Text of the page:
Since protons and neutrons are far heavier than their electroweak cousins (electrons, mus, taus and their respective neutrinos), they get affected first by a lowered temperature. The reason is that when you have a limited energy budget making heavier particles becomes harder to do because each of them is so expensive: it requires mc² of energy which might not be easily available. Now, at low temperature, protons are stable, even outside the nucleus. Free neutrons, on the other hand, are not stable: they decay in an average of a bit under 15 minutes. Free neutrons (i.e., those not bound up stably in atomic nuclei) decay into a proton, an electron, and an electron antineutrino. What this implies is that turning a proton into a (heavier) neutron requires energy while the reverse process does not. The lack of symmetry in this regard resulted in a p/n ratio of about 7.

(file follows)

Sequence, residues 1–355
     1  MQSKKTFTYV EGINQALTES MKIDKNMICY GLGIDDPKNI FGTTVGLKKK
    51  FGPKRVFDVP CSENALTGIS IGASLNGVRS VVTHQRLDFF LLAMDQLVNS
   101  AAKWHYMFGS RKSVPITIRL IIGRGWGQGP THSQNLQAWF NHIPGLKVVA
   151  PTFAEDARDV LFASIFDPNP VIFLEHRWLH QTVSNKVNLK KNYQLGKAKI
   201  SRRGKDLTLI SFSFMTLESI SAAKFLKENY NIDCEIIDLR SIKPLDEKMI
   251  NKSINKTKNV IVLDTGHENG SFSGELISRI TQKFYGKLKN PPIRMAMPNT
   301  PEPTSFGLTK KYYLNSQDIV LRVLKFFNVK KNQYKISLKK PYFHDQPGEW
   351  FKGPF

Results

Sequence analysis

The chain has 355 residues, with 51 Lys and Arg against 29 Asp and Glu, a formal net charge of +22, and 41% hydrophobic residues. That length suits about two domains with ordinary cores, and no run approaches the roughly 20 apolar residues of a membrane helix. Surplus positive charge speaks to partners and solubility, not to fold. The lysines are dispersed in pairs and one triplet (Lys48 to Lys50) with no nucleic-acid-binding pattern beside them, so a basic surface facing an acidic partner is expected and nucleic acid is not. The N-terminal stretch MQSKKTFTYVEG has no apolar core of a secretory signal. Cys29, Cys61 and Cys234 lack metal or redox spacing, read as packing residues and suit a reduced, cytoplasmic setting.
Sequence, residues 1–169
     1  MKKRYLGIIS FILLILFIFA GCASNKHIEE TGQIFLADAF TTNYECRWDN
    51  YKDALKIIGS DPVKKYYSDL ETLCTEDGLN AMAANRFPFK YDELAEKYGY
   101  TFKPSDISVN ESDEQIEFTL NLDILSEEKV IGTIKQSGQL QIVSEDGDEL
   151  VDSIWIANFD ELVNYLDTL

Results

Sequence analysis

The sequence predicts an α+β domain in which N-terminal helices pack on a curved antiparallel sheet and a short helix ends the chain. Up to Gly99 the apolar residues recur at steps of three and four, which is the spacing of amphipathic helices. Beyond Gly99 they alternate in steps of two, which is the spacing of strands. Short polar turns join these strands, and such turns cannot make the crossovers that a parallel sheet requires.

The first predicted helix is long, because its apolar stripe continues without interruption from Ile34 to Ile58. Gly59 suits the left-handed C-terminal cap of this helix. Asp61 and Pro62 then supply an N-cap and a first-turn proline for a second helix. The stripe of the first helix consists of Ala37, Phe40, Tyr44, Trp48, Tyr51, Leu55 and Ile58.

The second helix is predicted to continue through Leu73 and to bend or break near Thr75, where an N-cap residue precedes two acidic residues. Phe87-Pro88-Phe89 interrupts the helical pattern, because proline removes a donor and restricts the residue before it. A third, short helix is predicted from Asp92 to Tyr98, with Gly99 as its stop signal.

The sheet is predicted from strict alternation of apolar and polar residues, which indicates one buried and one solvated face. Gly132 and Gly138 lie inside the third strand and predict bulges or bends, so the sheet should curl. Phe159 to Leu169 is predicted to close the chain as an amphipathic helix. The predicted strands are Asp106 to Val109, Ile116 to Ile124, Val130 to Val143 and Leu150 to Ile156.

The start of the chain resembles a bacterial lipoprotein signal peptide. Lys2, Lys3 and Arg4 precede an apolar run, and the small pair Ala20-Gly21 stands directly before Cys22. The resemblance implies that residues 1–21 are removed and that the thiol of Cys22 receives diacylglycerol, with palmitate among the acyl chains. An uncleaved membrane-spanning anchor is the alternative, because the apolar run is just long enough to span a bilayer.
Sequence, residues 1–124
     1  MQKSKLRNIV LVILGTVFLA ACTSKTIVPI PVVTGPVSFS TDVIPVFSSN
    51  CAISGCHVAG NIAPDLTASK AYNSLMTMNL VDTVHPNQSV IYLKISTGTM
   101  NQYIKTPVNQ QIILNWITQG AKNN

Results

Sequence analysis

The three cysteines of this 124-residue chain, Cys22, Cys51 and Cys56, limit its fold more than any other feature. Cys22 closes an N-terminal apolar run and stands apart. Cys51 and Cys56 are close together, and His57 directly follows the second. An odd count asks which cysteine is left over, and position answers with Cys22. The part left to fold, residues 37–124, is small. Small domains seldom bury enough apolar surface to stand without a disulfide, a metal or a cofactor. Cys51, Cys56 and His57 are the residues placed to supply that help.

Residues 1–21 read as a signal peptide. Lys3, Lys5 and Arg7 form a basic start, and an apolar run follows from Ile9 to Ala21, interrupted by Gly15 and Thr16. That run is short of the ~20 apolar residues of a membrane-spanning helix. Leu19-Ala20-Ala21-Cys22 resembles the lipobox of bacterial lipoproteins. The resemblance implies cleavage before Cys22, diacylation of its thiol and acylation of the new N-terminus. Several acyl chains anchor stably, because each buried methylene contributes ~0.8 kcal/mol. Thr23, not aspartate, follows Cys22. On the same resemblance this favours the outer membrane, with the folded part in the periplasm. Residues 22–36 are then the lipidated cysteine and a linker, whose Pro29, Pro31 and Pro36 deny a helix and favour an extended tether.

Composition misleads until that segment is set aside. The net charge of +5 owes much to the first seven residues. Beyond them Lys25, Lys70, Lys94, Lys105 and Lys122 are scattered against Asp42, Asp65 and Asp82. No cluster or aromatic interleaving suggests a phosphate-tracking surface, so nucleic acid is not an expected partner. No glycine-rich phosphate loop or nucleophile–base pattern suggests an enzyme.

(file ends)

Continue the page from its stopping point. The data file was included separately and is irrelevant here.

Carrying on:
Nuclear forces are short-range. The proton and neutron won't stick together to make deuterium (or anything else) unless they can get really close. At higher temperatures they simply race around too quickly to form nuclei. But after the universe has become cool enough, nucleons (protons and neutrons) do get close enough to bind, and they can then coexist inside the nucleus. The details of all this are complicated technically but conceptually straightforward. During BBN, no heavy elements were made. Only H, a bit of He, and a teeny bit of Li got made in this epoch. Then where, you might ask, do all the heavier elements come from, like carbon C, nitrogen N, oxygen O, and phosphorus P, which we need for carbon-based biological life forms? They were actually created in stars -- in the process of fusion in both small and large stars and in dying-star explosions known as supernovae. We are, literally, star stuff. In particular, every one of the molecules of your body is made of star stuff. We all are. Isn’t that amazing and wonderful and deep and connecting?